Large, realistic landscape paintings, rendered with great attention to detail and imbued with a poetic spirit: the paintings of the Russian artist Andrei Nikolaevich Schilder are reminiscent of the imposing works of literature by Russian writers. Two pictures coming up for auction resonate in the perfection of their composition and lyricism. They are probably, according to Russian experts, the artist’s earliest known works.
Two large pictures – counterparts, depicting a sunny summer day and a foggy autumn morning – portraying the surroundings of Saint Petersburg. They are by Andrei Nikolaevich Schilder (1861–1919), whose works can be found in many museums in Russia, including the Tretyakov Gallery in Moscow and the Russian Museum in St. Petersburg. Andrei’s father was the celebrated painter Nikolai Schilder, whose best-known works include the portraits of Tsar Alexander III and his wife Maria Feodorovna now held in the Musée d’Orsay in Paris. He successfully presented his 14-year-old son’s drawings to the greatest Russian landscape painter of his age, Ivan Shishkin and the boy was invited to study in Shishkin’s studio.
Ivan Shishkin: Great Influencer
A close relationship developed between teacher and student: Schilder accompanied Shishkin on his travels and worked with him for weeks on the island of Valaam in Lake Ladoga. It was Shishkin who introduced Schilder to sketching outdoors in summertime. In 1903, Schilder became a member of the Imperial Academy of Arts in Saint Petersburg without even ever having studied there.
A true Landscape Painter
While contemporary landscape painters in Moscow generally made a study of their subject before working it into a picture, their St. Petersburg colleagues tended to take a more preconceived idea as a starting point for their paintings, thereby taking the risk of distancing their work from reality. Despite his background in St. Petersburg, and thanks to his wide-ranging holistic approach to the depiction of nature, Ivan Shishkin was able to achieve perfection of composition in his paintings coupled with a close observation of the real world. He passed this ability on to his gifted student, who went on to develop the style, imbuing his own paintings with an even greater poetic gentleness.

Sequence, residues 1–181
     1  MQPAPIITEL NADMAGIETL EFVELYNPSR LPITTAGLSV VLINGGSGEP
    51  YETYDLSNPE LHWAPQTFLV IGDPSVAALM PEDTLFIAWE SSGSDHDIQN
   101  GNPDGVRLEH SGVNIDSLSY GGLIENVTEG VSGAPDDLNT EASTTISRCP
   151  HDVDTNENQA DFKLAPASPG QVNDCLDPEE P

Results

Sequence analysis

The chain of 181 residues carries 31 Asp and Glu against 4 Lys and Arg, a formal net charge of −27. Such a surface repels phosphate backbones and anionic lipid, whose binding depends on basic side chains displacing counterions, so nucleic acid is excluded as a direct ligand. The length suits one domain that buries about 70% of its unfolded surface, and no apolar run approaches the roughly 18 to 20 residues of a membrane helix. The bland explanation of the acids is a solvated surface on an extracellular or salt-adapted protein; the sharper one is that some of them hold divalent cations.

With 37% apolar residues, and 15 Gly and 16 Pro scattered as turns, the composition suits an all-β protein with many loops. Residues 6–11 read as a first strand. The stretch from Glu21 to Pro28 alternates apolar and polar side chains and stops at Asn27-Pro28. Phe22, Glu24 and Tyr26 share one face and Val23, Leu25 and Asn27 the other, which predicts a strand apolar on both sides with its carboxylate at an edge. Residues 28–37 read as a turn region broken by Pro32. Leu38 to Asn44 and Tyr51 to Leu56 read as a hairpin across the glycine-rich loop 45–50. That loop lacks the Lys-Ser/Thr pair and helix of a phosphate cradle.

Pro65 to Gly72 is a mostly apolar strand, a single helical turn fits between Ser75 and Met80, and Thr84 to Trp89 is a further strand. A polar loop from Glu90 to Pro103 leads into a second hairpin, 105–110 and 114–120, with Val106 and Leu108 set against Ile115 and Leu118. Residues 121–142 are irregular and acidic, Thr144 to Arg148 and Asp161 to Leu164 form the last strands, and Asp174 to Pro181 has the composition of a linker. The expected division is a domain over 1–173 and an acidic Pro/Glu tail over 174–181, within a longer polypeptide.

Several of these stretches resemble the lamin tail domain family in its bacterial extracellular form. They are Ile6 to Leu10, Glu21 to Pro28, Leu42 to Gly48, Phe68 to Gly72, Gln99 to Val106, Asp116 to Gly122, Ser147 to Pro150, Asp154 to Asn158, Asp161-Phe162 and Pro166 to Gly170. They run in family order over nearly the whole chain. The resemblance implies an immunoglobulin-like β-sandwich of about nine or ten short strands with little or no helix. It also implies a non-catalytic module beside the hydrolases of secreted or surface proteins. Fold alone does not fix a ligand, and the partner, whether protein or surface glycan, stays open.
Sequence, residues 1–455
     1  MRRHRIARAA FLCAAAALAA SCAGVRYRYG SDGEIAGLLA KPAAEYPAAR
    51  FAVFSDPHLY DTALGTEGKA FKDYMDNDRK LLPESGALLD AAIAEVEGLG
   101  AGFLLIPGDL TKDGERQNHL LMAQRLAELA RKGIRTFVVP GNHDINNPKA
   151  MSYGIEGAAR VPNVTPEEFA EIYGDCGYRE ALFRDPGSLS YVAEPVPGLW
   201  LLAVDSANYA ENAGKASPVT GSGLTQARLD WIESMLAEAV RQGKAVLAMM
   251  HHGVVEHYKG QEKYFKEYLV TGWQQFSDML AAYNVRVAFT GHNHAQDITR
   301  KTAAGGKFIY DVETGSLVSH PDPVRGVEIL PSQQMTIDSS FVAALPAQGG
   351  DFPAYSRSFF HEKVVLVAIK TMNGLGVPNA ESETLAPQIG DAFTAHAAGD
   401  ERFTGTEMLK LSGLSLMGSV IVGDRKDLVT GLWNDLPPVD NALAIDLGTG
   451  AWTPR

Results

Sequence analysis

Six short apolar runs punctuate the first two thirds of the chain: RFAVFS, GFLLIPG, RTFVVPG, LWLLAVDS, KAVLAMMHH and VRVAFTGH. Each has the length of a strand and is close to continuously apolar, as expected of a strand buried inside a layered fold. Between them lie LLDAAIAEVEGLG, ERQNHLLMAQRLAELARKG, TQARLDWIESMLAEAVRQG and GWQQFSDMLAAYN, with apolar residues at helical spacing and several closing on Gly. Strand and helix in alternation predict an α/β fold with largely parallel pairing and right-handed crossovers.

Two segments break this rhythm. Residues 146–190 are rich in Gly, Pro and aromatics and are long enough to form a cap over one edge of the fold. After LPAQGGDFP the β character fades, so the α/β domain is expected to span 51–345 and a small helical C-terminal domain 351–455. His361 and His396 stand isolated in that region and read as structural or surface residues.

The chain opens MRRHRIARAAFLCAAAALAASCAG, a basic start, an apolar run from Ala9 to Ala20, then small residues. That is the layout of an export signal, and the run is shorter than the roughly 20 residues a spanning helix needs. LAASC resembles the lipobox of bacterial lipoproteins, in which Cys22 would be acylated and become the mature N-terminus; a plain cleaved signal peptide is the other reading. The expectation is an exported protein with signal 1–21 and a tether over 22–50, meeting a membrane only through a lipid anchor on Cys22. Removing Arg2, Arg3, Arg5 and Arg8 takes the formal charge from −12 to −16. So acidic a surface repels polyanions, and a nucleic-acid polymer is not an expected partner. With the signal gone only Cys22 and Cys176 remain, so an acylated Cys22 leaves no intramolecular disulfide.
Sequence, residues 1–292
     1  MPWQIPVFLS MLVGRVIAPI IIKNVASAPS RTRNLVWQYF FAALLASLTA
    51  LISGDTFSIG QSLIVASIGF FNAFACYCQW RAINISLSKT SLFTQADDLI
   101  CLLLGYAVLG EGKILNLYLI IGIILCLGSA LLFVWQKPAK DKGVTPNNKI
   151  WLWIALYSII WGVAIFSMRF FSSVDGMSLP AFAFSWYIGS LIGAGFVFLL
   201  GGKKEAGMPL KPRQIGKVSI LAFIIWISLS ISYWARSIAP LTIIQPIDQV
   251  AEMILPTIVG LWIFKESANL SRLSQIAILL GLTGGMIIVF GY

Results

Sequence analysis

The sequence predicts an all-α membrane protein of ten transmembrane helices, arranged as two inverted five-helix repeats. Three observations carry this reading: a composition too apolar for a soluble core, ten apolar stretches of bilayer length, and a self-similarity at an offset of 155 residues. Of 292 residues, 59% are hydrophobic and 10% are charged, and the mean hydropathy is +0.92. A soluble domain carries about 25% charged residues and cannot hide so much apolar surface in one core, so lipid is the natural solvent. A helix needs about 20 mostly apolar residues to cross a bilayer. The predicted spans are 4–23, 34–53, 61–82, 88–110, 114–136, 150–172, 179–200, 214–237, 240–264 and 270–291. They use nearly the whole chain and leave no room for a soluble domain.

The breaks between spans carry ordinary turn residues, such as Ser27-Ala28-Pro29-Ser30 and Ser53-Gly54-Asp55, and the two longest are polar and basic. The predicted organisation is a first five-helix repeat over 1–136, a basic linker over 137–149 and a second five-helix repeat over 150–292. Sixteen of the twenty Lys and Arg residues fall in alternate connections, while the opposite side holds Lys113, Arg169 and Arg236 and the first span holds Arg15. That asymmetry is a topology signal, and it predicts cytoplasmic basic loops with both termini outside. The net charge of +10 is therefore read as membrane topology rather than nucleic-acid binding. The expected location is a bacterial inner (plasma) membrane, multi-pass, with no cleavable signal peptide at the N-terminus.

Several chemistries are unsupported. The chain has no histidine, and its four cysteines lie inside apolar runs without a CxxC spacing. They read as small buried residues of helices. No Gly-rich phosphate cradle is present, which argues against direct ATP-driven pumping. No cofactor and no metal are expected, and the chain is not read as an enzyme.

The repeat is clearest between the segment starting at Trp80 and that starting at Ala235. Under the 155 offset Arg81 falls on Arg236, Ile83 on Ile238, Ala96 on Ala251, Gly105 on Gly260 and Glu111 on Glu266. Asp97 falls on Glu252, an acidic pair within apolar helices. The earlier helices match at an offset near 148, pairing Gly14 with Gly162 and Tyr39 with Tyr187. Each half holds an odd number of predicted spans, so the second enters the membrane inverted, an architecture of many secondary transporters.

Until his death, Schilder exhibited his art most frequently amongst the influential association of Russian artists, named Peredvizhniki. Its members were realist artists whose aim was to create an unvarnished portrayal of contemporary life in Russia and to make painting accessible to the public not only in St. Petersburg and Moscow, but in many cities across the vast Russian empire – hence the name of the group, which translates as “The Wanderers”. Between 1871 and 1923 they organised 48 travelling exhibitions. A member of this artists’ association, Jakov Mintshenkov, wrote an account of the Peredvizhniki, and from over a hundred members he selected twenty artists for particular mention in his book, amongst them, Andrei Schilder. The book paints a picture of a kind-hearted artist whose circle of friends included not only fellow artists but also chess players, Schilder being an excellent player himself. His house was also frequented by writers and progressive politicians.
The Artist’s Earliest Known Works
The distinctly Shishkin-esque character of these two landscapes, with their large portrait format, and their subject matter, portraying the times of the day and the seasons, suggest that they were made in 1880s. They are thought by Russian paintings experts to be the earliest known works by Andrei Schilder.
Olga Sugrobova-Roth is a specialist in Russian art.
19th Century Paintings
7 June 2021